Soph Myers-Kelley

Soph Myers-Kelley

When I was diagnosed with vulvodynia and hypertonic pelvic floor dysfunction, I was a cisgender woman. It rocked my entire world thinking how it could be harder to find a partner, have sex, work, travel, and wear tight clothing because of this new diagnosis. It was scary and I didn’t want to face that truth. I cried in front of the doctor who diagnosed me, and she noted that in my patient records as if she were surprised someone would have that reaction to getting a painful diagnosis with no surefire cure.

Now, five years later, I’ve undergone many transformation journeys beyond those two first diagnoses. Part of that journey is coming to accept PVD and vulvodynia are natural parts of my life at this time. My pelvic pain is largely attributed to a condition called Ehlers-Danlos syndrome, which affects all of the collagen in my body. I’ve also found out I’m autistic and have ADHD. But one of the most significant discoveries has been recognizing I am not a cisgender woman, but a transgender, nonbinary ethereal being.

Going on testosterone, getting top surgery (having my breasts removed), changing my legal name, and changing up my hairstyle and clothing has brought a lot of joy and radiance to my world. Taking steps and seeing how it brings me closer to who I am and want to be is an honor to see and make happen. However, this has complicated my health journey, a journey that has already been too complicated for my liking.

On top of having multiple systemic conditions and chronic pain, I now think about whether health care providers will correctly gender me. I don’t use she/her pronouns anymore, sticking largely to they/them and he/him pronouns. I wonder when I enter say, a women’s health clinic for a gynecological-related appointment if they will assume I’m a woman just from walking in. Will they notice my deeper voice? My hairstyle? My pronoun pin? Usually (since I’m only a year into my physical transition) they do not. I’m hopeful that in a few years’ time on testosterone, that will change. Regardless, it frustrates me knowing that people like me will continue to struggle with having vulvodynia AND being misgendered, disrespected and isolated from spaces meant to be supportive. Spaces for vulvodynia havers, not just cisgender women.

As I continued in my transition, I had to leave more social media support groups that continued to use language that only included females, even after nonbinary and trans people respectfully took their time to explain why language change would make so many people’s days. People even offered ideas for more inclusive language. The people who fought against inclusion made me realize I didn’t need that kind of support, a support that didn’t see and respect me for who I am.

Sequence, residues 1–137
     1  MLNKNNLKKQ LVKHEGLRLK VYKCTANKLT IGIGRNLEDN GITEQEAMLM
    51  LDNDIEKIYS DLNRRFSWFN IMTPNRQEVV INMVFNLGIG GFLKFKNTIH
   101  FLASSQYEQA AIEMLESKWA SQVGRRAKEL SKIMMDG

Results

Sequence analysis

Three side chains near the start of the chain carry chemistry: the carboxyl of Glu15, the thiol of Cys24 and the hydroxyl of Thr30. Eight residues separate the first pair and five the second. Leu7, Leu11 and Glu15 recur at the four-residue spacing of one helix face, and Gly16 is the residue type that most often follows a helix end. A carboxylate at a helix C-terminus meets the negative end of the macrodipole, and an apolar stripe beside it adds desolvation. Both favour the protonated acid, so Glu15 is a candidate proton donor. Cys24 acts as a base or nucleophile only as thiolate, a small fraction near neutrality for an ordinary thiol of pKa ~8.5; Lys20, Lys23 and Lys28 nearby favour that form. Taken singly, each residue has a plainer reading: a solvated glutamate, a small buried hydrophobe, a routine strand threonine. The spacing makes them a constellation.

Having a vulva does give me a bit of dysphoria from time to time (feeling an incongruence between my internal self and my external body) but it is made far worse when people assume who I am just because I have one. Over the years I have learned how to manage my vulvodynia and avoid triggers when possible. I’ve found beauty in low-crotch pants, working with a physical therapist, managing wider systemic pain and food sensitivities, and incorporating medications as well as more traditional treatments like herbs into my care routine.

Some of my identities help make living with vulvodynia much easier, surprisingly. A beautiful thing about being polyamorous and queer is that, more often than not, queer partners are happy to have sex without penetration, be extremely consent forward when engaging in penetrative sex (i.e., happy to stop if it hurts and you say so), and more than happy to be close without being sexual at all! It’s such a relief to know that the right partner(s) will value me for who I am, not what kind of sex acts I can or can’t perform.

It’s been a bumpy ride from being a cisgender, straight, monogamous, able-bodied, neurotypical woman to becoming a transmasculine, genderqueer, gay, neurodivergent, disabled medical librarian. At times the pain is completely unbearable, I understand. And yet because of it, I’ve found all of the disability gains in this beautiful, painful life of mine. I live and stand up for my name, my pronouns, my pain management needs, and the needs of my community in hopes that we will one day live in a better world.